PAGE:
If every Red Devil had been anywhere near as reliable as Smalling, then Manchester United would be challenging for the title.
This is the toughest call as Liverpool’s Nathaniel Clyne has also impressed, but the Spurs connection gives Walker the nod. He has an excellent “you stay, I go” understanding with Rose.
Practically a mirror image of Drinkwater, his defensive midfield partner, Dier’s progress this season has been remarkable. Reliable and rarely flustered, Dier wins the ball and gets it to Alli.
From second-stringer at Leicester to an England call-up, his progress has been phenomenal. He runs. He tackles. And he never stops doing either.
Playing at the head of a midfield three, Barker would get the Gazza role he covets, exploding forward to link the lines. But he needs to win games on his own, like Paul Gascoigne did.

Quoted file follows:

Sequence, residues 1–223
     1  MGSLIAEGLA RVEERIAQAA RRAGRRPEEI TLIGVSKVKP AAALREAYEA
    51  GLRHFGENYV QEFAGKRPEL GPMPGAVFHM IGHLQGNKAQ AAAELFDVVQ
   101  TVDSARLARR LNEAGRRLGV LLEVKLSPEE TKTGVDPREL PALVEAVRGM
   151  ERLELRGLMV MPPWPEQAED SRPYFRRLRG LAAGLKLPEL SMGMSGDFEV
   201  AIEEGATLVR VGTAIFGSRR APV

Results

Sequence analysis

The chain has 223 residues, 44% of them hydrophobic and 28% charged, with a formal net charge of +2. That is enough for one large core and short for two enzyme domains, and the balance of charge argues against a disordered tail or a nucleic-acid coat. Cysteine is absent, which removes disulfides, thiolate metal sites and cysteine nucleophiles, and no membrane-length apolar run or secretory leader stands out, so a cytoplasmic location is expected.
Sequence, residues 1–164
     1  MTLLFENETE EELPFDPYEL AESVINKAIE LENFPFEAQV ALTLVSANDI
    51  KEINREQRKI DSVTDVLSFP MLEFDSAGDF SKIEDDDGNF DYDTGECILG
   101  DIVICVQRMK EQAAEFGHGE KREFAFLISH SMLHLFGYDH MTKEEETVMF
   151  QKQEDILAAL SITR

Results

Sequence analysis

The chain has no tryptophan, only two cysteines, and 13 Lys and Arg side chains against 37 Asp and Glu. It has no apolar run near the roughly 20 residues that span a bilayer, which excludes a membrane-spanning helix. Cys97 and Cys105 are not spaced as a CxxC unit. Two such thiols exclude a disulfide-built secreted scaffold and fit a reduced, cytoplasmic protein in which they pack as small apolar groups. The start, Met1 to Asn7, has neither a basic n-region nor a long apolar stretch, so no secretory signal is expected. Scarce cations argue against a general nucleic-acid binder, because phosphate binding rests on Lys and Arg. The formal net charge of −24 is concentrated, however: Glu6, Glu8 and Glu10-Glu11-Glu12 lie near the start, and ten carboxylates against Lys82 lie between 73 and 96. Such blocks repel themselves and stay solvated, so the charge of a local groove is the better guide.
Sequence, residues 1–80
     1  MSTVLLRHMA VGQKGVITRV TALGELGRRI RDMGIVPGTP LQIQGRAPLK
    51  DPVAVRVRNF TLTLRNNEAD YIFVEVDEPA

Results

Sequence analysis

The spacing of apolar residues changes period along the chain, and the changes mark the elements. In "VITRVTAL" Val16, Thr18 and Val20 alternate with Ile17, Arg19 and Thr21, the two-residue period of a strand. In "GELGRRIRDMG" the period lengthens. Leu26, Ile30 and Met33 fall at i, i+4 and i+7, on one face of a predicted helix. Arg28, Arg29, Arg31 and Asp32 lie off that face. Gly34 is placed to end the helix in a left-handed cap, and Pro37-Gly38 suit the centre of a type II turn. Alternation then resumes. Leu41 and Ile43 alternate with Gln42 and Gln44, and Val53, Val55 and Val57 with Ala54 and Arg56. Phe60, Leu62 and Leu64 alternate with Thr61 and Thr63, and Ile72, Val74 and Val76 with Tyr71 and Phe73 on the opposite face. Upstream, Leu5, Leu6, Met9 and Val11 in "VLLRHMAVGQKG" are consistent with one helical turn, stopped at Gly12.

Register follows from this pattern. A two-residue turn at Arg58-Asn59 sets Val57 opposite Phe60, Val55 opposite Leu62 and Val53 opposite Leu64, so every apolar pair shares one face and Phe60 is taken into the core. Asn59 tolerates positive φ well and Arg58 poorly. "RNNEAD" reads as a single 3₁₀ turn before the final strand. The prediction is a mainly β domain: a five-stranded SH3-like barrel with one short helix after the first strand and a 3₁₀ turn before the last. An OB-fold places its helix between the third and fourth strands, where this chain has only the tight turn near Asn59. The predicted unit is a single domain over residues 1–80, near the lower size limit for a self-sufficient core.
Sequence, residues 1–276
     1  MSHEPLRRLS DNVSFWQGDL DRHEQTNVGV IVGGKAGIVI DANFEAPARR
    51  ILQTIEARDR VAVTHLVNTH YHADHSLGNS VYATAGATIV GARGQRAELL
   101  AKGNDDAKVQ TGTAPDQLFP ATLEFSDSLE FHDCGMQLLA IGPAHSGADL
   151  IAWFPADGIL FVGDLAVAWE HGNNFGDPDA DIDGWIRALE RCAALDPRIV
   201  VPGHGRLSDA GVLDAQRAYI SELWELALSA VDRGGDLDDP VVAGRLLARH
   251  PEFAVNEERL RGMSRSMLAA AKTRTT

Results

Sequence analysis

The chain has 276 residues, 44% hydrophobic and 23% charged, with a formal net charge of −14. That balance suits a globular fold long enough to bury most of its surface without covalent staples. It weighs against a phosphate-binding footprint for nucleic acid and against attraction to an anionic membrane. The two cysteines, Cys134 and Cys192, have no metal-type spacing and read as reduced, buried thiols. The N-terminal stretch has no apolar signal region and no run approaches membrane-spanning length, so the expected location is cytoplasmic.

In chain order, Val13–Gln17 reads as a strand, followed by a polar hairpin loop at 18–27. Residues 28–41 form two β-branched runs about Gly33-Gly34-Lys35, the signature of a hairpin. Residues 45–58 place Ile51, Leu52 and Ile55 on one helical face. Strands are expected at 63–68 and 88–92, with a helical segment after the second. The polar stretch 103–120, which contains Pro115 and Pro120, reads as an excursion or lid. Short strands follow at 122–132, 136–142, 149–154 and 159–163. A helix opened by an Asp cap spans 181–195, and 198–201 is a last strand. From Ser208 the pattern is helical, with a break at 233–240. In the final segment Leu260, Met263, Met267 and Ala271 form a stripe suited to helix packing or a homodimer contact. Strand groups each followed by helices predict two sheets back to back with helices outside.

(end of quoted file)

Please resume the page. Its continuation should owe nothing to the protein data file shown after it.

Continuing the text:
Like a white-haired man in a penguin suit, the teenager conducts the orchestra like a veteran. He can drop back or flip places across the forward line to stretch fullbacks and separate centre backs.
At 29, he might have only one tournament in him, but England need only one. His pace, such a rarity in England players, earns him his selection. But he’d need to adapt to playing off Harry Kane’s shoulder.
Kane is rapidly becoming the most complete English centre forward since Alan Shearer. If he is sidelined in favour of Wayne Rooney at Euro 2016, it won’t just be a travesty. It’ll be unforgivable.